Ergonomic Principles of Forklift Design College Point NY

An aching back, strained muscles, and stiff joints are just a few symptoms of fatigue a forklift operator might accumulate in a day of sitting or standing, wrestling a steering wheel, operating hydraulic controls, and climbing on and off the forklift. That's why forklift designers in College Point are taking ergonomics principles more seriously than ever.

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By Stephani L. Miller

An aching back, strained muscles, and stiff joints are just a few symptoms of fatigue a forklift operator might accumulate in a day of sitting or standing, wrestling a steering wheel, operating hydraulic controls, and climbing on and off the forklift. And because materials handling productivity is not only a function of the machine, but also of the operator, when the body starts to slow, load-moving efficiency can decline.

That's why ergonomics has become a more prominent focus in forklift design, with manufacturers developing more features that aim to increase comfort and reduce operator fatigue. “Making the truck comfortable for the operator is very important for two reasons: to make him more comfortable and to make him more productive for the company owners,” says Geoff Beale, sales director for forklift manufacturer Hyster USA.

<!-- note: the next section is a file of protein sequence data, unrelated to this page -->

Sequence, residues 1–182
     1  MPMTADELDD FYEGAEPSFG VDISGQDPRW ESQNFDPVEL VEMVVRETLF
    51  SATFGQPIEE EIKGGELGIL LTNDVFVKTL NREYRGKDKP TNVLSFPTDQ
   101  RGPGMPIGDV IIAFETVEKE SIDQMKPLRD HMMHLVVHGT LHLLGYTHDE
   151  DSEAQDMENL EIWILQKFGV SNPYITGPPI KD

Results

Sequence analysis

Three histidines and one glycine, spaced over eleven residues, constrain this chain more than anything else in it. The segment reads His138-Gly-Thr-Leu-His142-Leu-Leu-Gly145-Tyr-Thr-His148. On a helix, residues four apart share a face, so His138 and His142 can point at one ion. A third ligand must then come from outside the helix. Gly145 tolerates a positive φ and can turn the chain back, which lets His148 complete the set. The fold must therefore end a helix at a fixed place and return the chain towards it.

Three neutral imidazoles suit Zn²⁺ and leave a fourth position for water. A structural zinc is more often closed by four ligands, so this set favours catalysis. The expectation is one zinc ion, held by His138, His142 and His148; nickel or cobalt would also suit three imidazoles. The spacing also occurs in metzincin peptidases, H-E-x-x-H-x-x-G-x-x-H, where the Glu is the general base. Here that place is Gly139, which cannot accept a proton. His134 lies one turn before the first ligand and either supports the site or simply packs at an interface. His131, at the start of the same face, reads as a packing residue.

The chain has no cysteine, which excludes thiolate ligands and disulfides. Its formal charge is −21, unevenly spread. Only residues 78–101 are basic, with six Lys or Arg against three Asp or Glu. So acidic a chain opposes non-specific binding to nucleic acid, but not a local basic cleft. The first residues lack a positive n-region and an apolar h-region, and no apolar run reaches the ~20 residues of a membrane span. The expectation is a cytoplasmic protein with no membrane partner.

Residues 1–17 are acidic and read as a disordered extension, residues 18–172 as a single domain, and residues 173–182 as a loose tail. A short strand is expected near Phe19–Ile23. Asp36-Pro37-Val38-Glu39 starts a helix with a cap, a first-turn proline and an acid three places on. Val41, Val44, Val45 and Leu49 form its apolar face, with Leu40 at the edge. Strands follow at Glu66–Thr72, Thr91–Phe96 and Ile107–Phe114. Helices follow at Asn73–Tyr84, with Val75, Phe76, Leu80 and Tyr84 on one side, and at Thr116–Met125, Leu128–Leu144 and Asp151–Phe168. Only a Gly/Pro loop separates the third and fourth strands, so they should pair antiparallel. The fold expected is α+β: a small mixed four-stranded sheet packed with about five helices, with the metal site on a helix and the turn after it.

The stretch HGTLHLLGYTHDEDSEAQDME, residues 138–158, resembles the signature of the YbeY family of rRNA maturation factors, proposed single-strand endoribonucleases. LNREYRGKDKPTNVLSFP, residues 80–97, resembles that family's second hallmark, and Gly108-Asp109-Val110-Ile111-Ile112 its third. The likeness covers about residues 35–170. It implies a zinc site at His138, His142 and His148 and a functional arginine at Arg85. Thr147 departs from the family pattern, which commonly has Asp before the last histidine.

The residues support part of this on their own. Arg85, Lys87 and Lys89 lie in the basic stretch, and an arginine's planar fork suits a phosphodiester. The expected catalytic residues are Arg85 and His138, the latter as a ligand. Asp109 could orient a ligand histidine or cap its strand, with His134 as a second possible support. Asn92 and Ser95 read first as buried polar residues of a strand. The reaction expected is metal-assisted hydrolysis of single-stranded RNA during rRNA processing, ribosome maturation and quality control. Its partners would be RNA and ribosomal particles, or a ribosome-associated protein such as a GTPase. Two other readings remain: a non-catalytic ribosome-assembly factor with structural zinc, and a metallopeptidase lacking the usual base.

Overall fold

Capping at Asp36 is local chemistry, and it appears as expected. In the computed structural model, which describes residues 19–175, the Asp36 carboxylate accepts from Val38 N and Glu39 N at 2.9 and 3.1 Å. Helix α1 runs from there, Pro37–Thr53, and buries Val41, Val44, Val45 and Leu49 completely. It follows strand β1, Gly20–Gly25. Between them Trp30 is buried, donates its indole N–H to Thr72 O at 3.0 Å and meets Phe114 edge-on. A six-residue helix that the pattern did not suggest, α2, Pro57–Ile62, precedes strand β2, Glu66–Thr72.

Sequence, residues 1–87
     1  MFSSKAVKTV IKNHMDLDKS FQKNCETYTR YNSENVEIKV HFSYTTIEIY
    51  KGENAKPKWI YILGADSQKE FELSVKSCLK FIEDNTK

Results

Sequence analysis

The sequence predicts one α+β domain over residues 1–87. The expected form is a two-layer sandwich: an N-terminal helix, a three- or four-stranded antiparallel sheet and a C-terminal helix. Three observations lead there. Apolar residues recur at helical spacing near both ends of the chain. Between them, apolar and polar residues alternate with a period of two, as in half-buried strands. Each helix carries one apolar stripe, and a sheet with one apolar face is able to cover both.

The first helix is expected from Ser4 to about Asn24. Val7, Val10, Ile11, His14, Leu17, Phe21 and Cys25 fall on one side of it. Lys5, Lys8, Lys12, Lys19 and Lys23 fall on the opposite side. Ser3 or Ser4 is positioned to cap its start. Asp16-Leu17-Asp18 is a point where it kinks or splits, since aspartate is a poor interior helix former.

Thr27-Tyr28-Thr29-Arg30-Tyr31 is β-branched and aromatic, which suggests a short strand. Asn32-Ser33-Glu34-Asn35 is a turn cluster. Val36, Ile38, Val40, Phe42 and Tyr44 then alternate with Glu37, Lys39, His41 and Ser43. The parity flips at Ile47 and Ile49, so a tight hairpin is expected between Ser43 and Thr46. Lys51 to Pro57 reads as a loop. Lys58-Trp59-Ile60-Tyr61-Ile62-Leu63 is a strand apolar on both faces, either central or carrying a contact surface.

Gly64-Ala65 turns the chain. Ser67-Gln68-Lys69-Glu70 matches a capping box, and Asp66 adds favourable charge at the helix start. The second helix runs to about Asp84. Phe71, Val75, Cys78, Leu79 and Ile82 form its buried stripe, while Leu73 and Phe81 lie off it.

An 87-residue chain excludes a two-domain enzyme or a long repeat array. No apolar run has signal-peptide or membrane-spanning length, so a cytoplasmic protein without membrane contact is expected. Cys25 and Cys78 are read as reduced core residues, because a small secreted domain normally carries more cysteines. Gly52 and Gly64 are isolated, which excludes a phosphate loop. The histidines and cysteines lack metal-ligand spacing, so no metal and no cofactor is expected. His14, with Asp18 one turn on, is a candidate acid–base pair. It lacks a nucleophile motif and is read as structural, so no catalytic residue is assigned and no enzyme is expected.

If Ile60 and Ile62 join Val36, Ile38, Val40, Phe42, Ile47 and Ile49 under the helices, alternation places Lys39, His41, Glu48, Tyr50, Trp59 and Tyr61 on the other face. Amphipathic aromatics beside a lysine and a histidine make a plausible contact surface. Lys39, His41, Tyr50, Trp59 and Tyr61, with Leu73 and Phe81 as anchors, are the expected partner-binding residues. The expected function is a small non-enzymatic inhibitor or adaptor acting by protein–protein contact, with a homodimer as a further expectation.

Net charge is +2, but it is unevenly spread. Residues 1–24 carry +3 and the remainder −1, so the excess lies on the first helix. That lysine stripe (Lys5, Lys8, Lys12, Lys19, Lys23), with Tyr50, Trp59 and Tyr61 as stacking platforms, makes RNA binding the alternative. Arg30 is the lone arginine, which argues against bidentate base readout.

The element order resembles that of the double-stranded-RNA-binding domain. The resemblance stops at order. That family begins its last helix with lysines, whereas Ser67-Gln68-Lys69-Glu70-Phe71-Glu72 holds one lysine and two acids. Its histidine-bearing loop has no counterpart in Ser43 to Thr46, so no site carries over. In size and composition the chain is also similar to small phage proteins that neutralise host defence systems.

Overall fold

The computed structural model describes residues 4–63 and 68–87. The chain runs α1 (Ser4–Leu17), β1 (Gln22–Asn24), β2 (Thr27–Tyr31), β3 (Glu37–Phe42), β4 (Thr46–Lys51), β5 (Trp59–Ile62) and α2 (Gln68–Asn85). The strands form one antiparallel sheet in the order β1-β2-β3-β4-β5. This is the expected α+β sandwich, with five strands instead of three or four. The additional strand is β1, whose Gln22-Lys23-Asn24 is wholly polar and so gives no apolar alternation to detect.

Most manufacturers have incorporated ergonomic principles into forklifts in the areas of cab design, placement of driving and lift controls, and isolation of noise and vibration.

Ergonomically designed and placed controls, supportive operator chairs, and cabs that are easy to climb in and out of can make running a forklift more comfortable for operators and in turn can keep productivity up.

“In lumberyard applications, it's not unusual at all for the operator to get on and off the truck frequently” during a shift to check bar codes and load positioning, explains Jerry LaHood, prod...

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